Monday, August 28, 2006

The Frittata: Variations on a Brunch

A frittata is one of those dishes that looks quite challenging and impressive, but is actually simple to make. Other foods that fall into this category are risottos and fruit tarts. With dishes like these, all you have to do is learn one basic technique. From there, you can create endless variations to complement your mood or the ingredients you happen to have on hand. Occasionally, I’ll make a frittata for dinner to eat with a green salad and white wine. However, brunch is where the frittata shines most.

This Saturday, Mike and I went scuba diving near our home in Fort Lauderdale. We got certified in early 2005 so we could take advantage of the diver's paradise right here in our own backyard. Once you get comfortable with the mechanics of diving, all that’s left is relaxing on the boat, looking at tropical fish and enjoying the view. It is a very nice way to spend a Saturday morning. This weekend the water was calmer than we have ever seen it, but even under the best conditions, diving is a physically demanding activity. This might have to do with the fact that we had to get up at 6:30am on a Saturday, but that is beside the point. When you get home after a morning of diving, all you want to do is wash the salt water out of your hair, pop open a cold beer and have a delicious, fortifying lunch.

That is where the frittata comes in. Unlike an omelet, it can serve several people and can even be considered a one-pot meal. I have made frittatas with thinly sliced potatoes (as in a Spanish tortilla) or cooked spaghetti when I wanted something a little more substantial. For a simple and healthy version, all you need to add to the eggs are a variety of vegetables and a generous sprinkling of cheese. You could also add a protein like proscuitto, smoked salmon or thinly sliced chicken sausage. You sauté the vegetables in a nonstick skillet and pour the eggs right over them. Let the eggs set part of the way in the skillet, then put the skillet 10 inches under a preheated broiler to finish cooking and brown on top.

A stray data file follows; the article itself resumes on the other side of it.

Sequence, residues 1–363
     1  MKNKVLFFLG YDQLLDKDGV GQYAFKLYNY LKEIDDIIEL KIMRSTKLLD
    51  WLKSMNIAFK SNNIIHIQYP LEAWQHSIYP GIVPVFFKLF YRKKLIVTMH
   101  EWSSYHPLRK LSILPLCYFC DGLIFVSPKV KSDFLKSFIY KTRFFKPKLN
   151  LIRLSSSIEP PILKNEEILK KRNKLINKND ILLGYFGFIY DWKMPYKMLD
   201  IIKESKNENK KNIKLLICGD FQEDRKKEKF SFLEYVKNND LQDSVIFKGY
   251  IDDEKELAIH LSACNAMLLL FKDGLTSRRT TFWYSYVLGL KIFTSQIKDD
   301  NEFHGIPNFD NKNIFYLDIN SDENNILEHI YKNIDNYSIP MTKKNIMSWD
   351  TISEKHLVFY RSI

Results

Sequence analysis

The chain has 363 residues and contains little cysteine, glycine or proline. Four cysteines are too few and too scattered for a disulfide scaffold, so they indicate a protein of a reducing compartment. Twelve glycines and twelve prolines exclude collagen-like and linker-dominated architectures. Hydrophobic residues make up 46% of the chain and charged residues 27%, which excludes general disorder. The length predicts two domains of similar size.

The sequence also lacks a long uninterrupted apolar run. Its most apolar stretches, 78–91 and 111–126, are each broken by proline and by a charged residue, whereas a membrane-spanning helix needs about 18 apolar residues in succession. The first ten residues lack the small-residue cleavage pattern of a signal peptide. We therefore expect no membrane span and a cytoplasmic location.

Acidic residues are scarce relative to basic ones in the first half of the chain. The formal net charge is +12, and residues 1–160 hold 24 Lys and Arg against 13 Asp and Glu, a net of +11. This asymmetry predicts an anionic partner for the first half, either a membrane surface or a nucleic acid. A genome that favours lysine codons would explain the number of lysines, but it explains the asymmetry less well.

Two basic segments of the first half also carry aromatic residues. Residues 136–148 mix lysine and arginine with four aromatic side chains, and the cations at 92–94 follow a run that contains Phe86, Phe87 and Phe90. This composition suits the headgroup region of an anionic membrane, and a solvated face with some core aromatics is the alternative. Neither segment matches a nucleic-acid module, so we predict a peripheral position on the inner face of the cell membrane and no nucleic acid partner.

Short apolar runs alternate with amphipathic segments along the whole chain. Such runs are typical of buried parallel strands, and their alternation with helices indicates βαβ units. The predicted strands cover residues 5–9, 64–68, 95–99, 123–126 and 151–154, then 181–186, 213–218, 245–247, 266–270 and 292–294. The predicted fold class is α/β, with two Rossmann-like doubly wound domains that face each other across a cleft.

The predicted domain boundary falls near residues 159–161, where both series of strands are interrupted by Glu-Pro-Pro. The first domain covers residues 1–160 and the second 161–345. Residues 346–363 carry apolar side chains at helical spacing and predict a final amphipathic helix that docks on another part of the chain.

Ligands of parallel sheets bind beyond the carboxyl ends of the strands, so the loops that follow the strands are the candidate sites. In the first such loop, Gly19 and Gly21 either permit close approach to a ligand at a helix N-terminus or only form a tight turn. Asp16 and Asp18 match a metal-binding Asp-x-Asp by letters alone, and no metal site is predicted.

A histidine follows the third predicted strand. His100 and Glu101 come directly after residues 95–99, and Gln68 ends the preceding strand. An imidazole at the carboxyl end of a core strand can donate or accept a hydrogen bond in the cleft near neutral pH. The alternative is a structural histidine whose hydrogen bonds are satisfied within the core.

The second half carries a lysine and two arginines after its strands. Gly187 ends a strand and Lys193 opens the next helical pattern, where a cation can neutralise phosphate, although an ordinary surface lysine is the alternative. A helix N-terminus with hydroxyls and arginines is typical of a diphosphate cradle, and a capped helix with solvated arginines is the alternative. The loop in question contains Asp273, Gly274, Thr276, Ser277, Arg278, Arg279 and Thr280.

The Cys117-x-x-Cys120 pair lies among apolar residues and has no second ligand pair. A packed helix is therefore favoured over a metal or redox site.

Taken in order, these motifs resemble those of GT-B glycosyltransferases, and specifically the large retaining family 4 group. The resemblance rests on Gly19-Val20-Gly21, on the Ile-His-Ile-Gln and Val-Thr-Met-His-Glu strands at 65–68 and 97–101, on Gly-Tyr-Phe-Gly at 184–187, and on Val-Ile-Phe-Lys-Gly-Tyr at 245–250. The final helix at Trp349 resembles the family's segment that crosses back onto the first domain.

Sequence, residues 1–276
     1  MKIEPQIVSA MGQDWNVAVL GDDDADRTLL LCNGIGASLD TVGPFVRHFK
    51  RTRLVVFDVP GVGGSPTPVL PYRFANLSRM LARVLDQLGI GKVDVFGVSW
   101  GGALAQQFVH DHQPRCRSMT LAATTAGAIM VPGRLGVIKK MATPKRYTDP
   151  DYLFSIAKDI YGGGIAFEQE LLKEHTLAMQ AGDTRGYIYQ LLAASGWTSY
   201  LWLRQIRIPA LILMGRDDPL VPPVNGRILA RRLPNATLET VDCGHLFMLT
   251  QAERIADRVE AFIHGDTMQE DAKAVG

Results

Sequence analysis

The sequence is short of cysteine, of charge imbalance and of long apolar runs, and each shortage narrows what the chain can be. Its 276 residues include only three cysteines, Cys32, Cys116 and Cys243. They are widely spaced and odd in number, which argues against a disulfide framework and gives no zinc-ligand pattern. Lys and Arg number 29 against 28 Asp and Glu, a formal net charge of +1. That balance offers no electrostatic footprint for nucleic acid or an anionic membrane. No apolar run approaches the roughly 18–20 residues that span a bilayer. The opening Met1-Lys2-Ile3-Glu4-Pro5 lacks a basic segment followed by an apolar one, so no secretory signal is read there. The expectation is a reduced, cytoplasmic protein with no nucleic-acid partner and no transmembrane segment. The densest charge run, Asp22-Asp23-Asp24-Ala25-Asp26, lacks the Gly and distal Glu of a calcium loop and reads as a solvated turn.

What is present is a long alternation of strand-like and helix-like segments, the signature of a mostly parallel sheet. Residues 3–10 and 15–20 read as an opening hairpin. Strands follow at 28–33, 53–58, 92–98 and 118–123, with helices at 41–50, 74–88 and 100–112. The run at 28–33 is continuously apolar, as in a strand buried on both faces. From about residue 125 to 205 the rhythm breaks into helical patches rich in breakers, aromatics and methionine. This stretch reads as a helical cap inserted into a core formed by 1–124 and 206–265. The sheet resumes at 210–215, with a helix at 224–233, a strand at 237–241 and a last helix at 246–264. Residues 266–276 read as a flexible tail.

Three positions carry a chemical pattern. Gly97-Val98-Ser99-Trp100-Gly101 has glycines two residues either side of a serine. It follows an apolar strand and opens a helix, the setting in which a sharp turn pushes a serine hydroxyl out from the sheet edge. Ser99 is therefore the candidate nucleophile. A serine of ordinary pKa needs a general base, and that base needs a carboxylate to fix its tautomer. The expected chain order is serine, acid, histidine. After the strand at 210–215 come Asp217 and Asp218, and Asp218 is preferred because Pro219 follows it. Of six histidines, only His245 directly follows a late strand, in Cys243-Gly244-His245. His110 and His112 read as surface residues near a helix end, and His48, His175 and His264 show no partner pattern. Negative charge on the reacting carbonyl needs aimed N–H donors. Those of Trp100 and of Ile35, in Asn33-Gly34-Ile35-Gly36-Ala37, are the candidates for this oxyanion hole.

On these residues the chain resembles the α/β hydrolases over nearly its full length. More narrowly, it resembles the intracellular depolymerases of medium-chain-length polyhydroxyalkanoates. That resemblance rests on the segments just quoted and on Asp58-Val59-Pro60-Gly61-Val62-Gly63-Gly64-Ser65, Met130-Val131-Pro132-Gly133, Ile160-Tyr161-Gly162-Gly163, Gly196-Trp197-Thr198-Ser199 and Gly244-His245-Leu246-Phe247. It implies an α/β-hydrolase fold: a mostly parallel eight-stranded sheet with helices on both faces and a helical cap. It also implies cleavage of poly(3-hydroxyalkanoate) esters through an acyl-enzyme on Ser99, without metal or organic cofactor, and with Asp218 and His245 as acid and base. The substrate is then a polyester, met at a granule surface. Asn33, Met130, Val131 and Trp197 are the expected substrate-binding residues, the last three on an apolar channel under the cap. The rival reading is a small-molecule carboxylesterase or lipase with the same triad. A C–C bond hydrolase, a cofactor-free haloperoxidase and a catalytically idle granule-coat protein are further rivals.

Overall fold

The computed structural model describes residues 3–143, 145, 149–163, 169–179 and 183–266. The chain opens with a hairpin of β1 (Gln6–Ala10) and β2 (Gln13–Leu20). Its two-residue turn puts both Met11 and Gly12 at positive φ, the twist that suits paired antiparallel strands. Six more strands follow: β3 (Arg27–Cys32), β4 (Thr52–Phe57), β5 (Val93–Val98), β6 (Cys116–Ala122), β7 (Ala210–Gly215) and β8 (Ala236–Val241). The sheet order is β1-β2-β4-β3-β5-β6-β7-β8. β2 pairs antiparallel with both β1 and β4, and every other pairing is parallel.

Below, I've illustrated how to make a frittata with red peppers, green onions, yellow corn and feta. Mike likes to call this one the "Lucky Charms Frittata." At the bottom of the post, I included a few more ideas for variations to get your creativity flowing. You will need:

6 eggs, beaten and seasoned with salt and pepper
olive oil and/or cooking spray
salt and pepper to taste
1 red bell pepper--thinly slice, then cut the slices in half crosswise
1 bunch of green onions, thinly sliced
fresh corn from two cobs
3 oz. feta cheese, crumbled

Saute the red onion in a little oil until very soft. Add the green onions and the fresh corn. Season with salt and pepper.

Pour the beaten eggs over the vegetables. Use your spoon to push the egg away from the sides to let the liquid flow to the bottom. Constantly keep things moving.

After you have worked most of the liquid to the bottom of the pan and the sides have started to set, sprinkle the cheese on top and put your skillet under the broiler. The center of the frittata will still be mostly liquid at this point.

It will take about 5 to 10 minutes to finish the frittata under the broiler, but watch it carefully! A minute too long under the scorching heat and the eggs will lose their tender texture. Mine is done when the cheese starts to brown.

Here are some tips for making a successful frittata:

1) Choose two to three vegetables with varying flavors and textures, some sweet, like sautéed bell peppers or red onions; some crisp, like fresh corn or green onions.

2) Use flavorful, full-fat cheeses and add them after you pour the eggs evenly over the vegetables. Good choices are feta, goat cheese, or fontina. Once, I used ricotta, placing small spoonfuls of the soft cheese all over the egg; it browned beautifully.